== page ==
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European and Us Intermodal Transportation, Research Paper Example

Pages: 2

Words: 642

Research Paper

Introduction

Regardless of the industry and nation, the decision to regulate or deregulate is the result of political decisions based on past, current, and prospective economic conditions. Theory plays its part, particularly the theory of free markets, but theory has no traction unless there is collective agreement that it should be tried. That understood, it is necessary to explain the link between deregulation and intermodal shipping; that is, why the two tend to go together. In brief, deregulation and intermodal shipping go together because  intermodal transport reduces labor costs, and such labor has historically been subject to both labor union and/or governmental control. Once agreement was reached that intermodal methods made sense, it was only a matter of time before laws were amended to permit cross ownership of shipping, rail, and trucking companies. So one may think of the standardized container as a strong facilitator of deregulation.

The United States

In the U.S., the deregulation of railroads, which began with the Staggers Act of 1980, is considered nearly fully achieved and successfully so (Caves, D., Christensen, L., & Swanson, J., 2010). Political consensus for deregulation held firm because costs fell and efficiency greatly improved. This is a big change since the 1970s, when railroads were in great financial difficulty, caused in part by excessive governmental regulation of rates. Here is where free market theories mentioned above came into play: there was nowhere else to turn. The regulation model was played out. And standard-sized containers made the choice a practical one. The success of a more open and free market in shipping also contributed to the North American Free Trade Agreement and made possible the great expansion of trade between the U.S. and the Pacific Rim.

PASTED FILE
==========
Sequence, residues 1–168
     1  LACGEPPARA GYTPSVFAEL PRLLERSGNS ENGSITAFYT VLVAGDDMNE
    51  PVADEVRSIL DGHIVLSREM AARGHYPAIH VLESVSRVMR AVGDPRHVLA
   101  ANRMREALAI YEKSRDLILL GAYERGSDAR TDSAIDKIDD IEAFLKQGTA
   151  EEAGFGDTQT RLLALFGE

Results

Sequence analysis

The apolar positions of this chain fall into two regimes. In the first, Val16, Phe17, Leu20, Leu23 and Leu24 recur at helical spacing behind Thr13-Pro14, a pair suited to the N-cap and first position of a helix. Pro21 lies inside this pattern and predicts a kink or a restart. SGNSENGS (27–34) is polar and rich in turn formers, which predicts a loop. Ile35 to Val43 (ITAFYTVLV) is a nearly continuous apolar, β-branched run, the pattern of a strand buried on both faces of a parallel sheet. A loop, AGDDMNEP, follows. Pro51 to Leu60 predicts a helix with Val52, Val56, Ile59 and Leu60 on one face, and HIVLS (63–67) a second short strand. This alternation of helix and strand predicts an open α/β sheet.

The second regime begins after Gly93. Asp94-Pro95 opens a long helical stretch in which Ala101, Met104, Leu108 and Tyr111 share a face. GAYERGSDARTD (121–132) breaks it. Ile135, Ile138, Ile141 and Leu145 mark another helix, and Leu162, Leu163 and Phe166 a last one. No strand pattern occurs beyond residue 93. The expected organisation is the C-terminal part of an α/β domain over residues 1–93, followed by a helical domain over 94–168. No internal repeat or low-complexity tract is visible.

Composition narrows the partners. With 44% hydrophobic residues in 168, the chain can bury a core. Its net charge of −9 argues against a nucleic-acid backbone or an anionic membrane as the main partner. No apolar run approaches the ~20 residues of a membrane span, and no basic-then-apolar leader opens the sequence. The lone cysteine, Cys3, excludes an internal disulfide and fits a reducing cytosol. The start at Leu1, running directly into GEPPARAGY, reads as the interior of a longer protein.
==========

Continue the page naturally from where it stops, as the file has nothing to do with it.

Europe

In Europe, the situation is very different for two primary reasons. In spite of the European Union, there is much disagreement between its members as to how far deregulation should go and how it should be managed, although in principle there is formal acceptance that there is no economic need for rail freight to be state run (Aberle, G., 2002). Overall there has been less than desired progress towards standardization, which is the philosophical and practical basis of intermodal shipping. There has also been a reluctance of governments and industries both to surrender their rate-setting authority and subsidies. One doesn’t have to look far to see the reason: there is no guarantee that, if one nation and its transportation network opted for a more fully competitive system of prices and services, its neighbors would do the same. The other problem is more recent: the uncertain fate of the Euro and the European Union itself. Should it begin to break apart, as is certainly a possibility in the case of Greece, then all the familiar problems confronting deregulation and standardization (not to mention cross-ownership of transportation firms) will be that much more complex, perhaps to the point of political failure.

Re-regulation and Conclusion

The impetus back to regulation, both in the U.S. and Europe, lies in the perceived danger of climate change. There is a growing public consensus that subsidizing rail and light rail and raising the price of road user-costs is a legitimate way of reducing carbon emissions. Not surprisingly, this movement is further advanced in Europe, where the role of government in setting prices is widely accepted by the public, if not by its economists. The problem here is that intermodal initiatives are mainly financed privately to take advantage of profitable new markets. Such efforts require market pricing. Government-based goals are the opposite of that. Thus, the cycle of regulation and deregulation in intermodal transportation may come around full circle.

References

Aberle, G. (2002). European Integration of Rail Freight Transport: Report of the Hundred and Twenty Fifth Round Table. Economic Research Centre. Retrieved from http://internationaltransportforum.org/pub/pdf/04RT125.pdf

Caves, D., Christensen, L., & Swanson, J. (2010). The Staggers Act, 30 Years Later. Cato.org publication. Retrieved from http://www.cato.org/pubs/regulation/regv33n4/regv33n4-5.pdf

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